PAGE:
• Correspondence: nc.ude.utjs|gnidwh#nc.ude.utjs|gnidwh; ude.nmu|balgnahz#ude.nmu|balgnahz Tel.: +86 213420 5377; +1 612 624-7818

Abstract: Emotional prosody (EP) has been increasingly recognized as an important area of schizophrenic patients’ dysfunctions in their language use and social communication. The present review aims to provide an updated synopsis on emotional prosody processing (EPP) in schizophrenic disorders with a focus on performance characteristics, the influential factors and underlying neural mechanisms. Literature search up to 2018 was conducted with online databases, and final selections were limited to empirical studies which investigated the prosodic processing of at least one of the six basic emotions in patients with a clear diagnosis of schizophrenia without co-morbid diseases. A narrative synthesis was performed, covering the range of research topics, task paradigms, stimulus presentation, study populations and statistical power with a quantitative meta-analytic approach in Comprehensive Meta-Analysis Version 2.0. Study outcomes indicated that schizophrenic patients’ EPP deficits were consistently observed across studies (d = -0.92, 95% CI = -1.06 < δ < -0.78), with identification tasks (d = -0.95, 95% CI = -1.11 < δ < -0.80) being more difficult to process than discrimination tasks (d = -0.74, 95% CI= -1.03 < δ < -0.44) and emotional stimuli being more difficult than neutral stimuli. Patients’ performance was influenced by both participant- and experiment-related factors. Their social cognitive deficits in EP could be further explained by right-lateralized impairments and abnormalities in primary auditory cortex, medial prefrontal cortex and auditory-insula connectivity. The data pointed to impaired pre-attentive and attentive processes, both of which played important roles in the abnormal EPP in the schizophrenic population. The current selective review and meta-analysis support the clinical advocacy of including EP in early diagnosis and rehabilitation in the general framework of social cognition and neurocognition deficits in schizophrenic disorders. Future cross-sectional and longitudinal studies are further suggested to investigate schizophrenic patients’ perception and production of EP in different languages and cultures, modality forms and neuro-cognitive domains.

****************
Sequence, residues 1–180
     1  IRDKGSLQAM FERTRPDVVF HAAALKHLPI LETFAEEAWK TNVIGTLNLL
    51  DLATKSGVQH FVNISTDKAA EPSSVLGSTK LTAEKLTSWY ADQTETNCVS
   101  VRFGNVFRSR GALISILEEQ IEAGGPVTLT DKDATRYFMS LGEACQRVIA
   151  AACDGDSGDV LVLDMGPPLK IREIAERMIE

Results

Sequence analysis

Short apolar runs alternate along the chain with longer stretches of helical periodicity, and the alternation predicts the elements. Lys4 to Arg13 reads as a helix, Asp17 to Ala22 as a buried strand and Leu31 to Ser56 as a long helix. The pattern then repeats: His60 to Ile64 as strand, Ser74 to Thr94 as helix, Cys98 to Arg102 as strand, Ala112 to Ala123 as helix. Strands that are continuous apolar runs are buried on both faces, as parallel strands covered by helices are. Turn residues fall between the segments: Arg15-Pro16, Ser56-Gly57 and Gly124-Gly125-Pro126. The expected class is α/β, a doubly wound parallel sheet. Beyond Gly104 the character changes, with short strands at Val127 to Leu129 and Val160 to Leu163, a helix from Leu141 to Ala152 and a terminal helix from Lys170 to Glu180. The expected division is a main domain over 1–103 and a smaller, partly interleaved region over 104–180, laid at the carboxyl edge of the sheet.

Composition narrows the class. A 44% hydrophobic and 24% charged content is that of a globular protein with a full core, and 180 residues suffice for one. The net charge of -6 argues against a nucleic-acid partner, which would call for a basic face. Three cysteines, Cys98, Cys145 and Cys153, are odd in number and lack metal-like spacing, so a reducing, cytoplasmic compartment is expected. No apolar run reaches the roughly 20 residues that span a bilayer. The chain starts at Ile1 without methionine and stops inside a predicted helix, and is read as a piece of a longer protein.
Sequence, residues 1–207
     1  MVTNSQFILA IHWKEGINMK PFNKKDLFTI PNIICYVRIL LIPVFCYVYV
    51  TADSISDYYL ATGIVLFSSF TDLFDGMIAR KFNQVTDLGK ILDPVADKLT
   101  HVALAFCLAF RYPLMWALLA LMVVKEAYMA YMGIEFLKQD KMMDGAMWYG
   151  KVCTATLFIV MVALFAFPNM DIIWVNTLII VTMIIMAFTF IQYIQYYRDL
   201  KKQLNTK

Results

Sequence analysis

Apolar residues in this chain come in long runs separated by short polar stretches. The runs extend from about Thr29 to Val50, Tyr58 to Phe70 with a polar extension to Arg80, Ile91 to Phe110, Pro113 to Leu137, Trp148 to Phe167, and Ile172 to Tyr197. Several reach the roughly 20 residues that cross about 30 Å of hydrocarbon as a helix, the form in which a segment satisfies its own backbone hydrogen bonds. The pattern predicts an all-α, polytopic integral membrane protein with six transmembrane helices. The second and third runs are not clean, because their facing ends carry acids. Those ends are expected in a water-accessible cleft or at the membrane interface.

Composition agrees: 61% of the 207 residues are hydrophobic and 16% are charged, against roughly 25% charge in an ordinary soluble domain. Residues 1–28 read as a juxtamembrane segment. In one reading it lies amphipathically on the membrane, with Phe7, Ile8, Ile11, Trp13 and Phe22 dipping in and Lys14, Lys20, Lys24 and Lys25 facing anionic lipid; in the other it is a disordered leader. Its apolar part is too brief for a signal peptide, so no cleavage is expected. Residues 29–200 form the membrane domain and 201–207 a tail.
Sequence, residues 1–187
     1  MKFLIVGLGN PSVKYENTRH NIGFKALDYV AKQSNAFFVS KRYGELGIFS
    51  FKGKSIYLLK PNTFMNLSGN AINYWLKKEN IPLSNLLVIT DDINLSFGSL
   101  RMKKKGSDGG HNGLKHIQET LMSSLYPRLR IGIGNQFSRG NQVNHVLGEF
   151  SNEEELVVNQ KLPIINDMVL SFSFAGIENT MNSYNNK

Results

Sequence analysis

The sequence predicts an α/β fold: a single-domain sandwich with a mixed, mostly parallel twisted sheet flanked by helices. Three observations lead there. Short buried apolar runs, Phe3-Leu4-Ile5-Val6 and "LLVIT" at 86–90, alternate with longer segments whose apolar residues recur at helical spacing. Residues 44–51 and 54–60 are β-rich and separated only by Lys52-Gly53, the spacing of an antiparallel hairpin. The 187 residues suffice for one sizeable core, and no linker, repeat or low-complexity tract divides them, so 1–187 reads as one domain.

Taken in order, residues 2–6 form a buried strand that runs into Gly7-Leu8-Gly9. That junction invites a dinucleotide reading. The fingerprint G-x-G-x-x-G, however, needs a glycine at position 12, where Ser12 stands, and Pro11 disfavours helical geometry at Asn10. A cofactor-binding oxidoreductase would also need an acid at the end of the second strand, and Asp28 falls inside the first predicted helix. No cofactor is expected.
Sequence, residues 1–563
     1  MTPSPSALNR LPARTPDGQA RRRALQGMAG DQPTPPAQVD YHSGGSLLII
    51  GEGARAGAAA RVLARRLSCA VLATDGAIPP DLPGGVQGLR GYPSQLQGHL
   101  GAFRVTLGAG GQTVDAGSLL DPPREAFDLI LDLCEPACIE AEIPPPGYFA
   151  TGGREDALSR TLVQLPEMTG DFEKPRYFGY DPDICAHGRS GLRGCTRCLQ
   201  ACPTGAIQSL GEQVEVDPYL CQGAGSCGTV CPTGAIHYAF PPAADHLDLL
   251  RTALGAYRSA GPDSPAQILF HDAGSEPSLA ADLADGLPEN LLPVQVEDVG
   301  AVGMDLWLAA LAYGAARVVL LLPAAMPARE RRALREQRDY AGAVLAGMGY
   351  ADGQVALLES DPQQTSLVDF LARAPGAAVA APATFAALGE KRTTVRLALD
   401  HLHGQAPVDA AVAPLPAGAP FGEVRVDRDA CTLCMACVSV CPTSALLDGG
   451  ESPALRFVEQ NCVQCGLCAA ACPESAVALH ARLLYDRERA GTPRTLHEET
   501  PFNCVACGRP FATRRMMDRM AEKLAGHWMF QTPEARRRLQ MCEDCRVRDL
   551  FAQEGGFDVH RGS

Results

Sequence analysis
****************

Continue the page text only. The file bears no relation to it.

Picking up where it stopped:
Keywords: Emotional prosody processing; Schizophrenia; Meta-analysis

Funding: This research was funded by the interdisciplinary program of Shanghai Jiao Tong University grant number (14JCZ03). The APC was funded by the interdisciplinary program of Shanghai Jiao Tong University grant number (14JCZ03).

Acknowledgments: Zhang was supported by a summer visiting professorship from Shanghai Jiao Tong University to work on the project. We also thank the anonymous reviewers and the editors for providing us with insightful suggestions to revise our review.

Conflicts of Interest: The authors declare no conflict of interest. The funders had no role in the design of the study; in the collection, analyses, or interpretation of data; in the writing of the manuscript, and in the decision to publish the results.